The next debt was a ratty sign from the front row, the same sign that has been in, oh, the last 15 center mic pictures. It has been taped and folded and taped again, but it was that sign Bruce went to just right of center to pick up and hold up on stage in front of everybody, as the singers come down to stage left and the horns come down sans horns stage right. And Bruce holds up the sign and we are jumping up and down and yelling ‘YEAH!” like it was our sign, and then we are just as instantly quiet because this is a soft, careful arrangement of “Man At The Top” with the harmonies from each side, Curtis and Cyndi and Michelle taking one part and the horns leaning in as one to take the other, Barry rubbing his hands together for percussion. The guy standing behind me has no idea what is going on but manages to understand that some part of it is magic because everyone around us shut the fuck up.
And then, one more debt to settle (and then one more after that, Bruce warns us). This time, a shot of other friends down at the end, women who I know have seen every show Bruce has ever played in the UK (that’s *ever*). And the guitars come out and the opening chords hit and I have an out-of-body experience because HOW CAN IT POSSIBLY BE THAT HE IS PLAYING ‘WHEN YOU WALK IN THE ROOM’. Last night I tweeted that this song completed a trilogy for me, with “And Then She Kissed Me” and “Mountain of Love” and I wasn’t sure that wasn’t some kind of random grouping, except that it wasn’t; these are the great covers of the ’75 era, crackling in my brain out of some bootleg picked up at a record fair at days gone by.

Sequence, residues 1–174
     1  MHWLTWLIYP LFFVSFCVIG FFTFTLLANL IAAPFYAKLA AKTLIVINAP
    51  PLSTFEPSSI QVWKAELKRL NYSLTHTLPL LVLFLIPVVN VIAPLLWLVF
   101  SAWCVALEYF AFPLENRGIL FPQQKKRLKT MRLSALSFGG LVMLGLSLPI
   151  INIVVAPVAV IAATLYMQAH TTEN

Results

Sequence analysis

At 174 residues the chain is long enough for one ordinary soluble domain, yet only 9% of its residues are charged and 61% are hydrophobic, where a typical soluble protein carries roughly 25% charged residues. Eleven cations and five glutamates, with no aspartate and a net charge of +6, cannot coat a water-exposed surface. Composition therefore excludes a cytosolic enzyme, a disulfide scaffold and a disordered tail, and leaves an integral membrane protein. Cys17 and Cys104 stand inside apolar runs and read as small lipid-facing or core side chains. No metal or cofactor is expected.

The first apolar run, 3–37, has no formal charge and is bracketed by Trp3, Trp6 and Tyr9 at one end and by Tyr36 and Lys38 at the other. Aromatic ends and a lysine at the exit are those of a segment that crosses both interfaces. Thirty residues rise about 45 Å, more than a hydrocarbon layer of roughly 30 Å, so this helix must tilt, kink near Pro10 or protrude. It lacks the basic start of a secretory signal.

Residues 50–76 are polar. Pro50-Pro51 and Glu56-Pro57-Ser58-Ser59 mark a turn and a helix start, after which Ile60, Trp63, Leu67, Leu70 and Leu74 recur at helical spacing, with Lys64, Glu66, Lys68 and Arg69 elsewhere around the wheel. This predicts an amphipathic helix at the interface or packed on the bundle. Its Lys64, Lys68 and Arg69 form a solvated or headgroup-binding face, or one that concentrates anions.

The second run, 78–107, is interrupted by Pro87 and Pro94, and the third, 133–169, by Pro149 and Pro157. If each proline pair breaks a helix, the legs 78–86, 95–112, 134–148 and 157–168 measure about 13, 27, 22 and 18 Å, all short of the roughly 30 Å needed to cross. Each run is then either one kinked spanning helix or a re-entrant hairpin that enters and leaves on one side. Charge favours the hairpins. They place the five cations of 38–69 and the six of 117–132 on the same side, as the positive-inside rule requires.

part 4. the love.
Bruce then talks about how, in 1975, he walked into a recording studio and there was a skinny little Italian kid sitting there – “Jimmy Iovine!” I whisper loudly, wondering where this was going to go. There was definitely a slight lull in the crowd’s energy with the announcement of the full Born To Run album, but given that we had spent the day talking with these two kids from Belfast in front of us for whom this was their 9th show, had missed Limerick, and were sure they’d never see “Jungleland,” I was actually pretty stoked. And it could have been flat, it could have been rote, but the band kept the energy high and the performance above-average and kept plowing through from song to song, which elevated the album performance several notches. “Thunder Road” was accompanied by a deep, genuine swell of emotion rolling off of the crowd up to the stage and back again. Straight into “Tenth Avenue Freeze-Out” and all I can think about is how I used to dream about being able to hear the intro to this song, with horns, live. (The only thing still lacking for me is being able to hear Steve’s chicken scratch guitar high enough in the mix.) The horns! That moment where he cues them in and you hear the melody for the first time! There are few things more glorious than that. The first time I heard them on the album and wondering if this was an old Stax cover I didn’t know about, except the credits told me otherwise. My all-time favorite E Street legend is Steve in the studio, singing the parts to the horn players. I love how it is and always will be the story of the band. The tribute to the Big Man in its current version bringing the tears again at the level that they were at the start of this tour. Bruce is on the center platform looking backwards and I think they are still there for him too.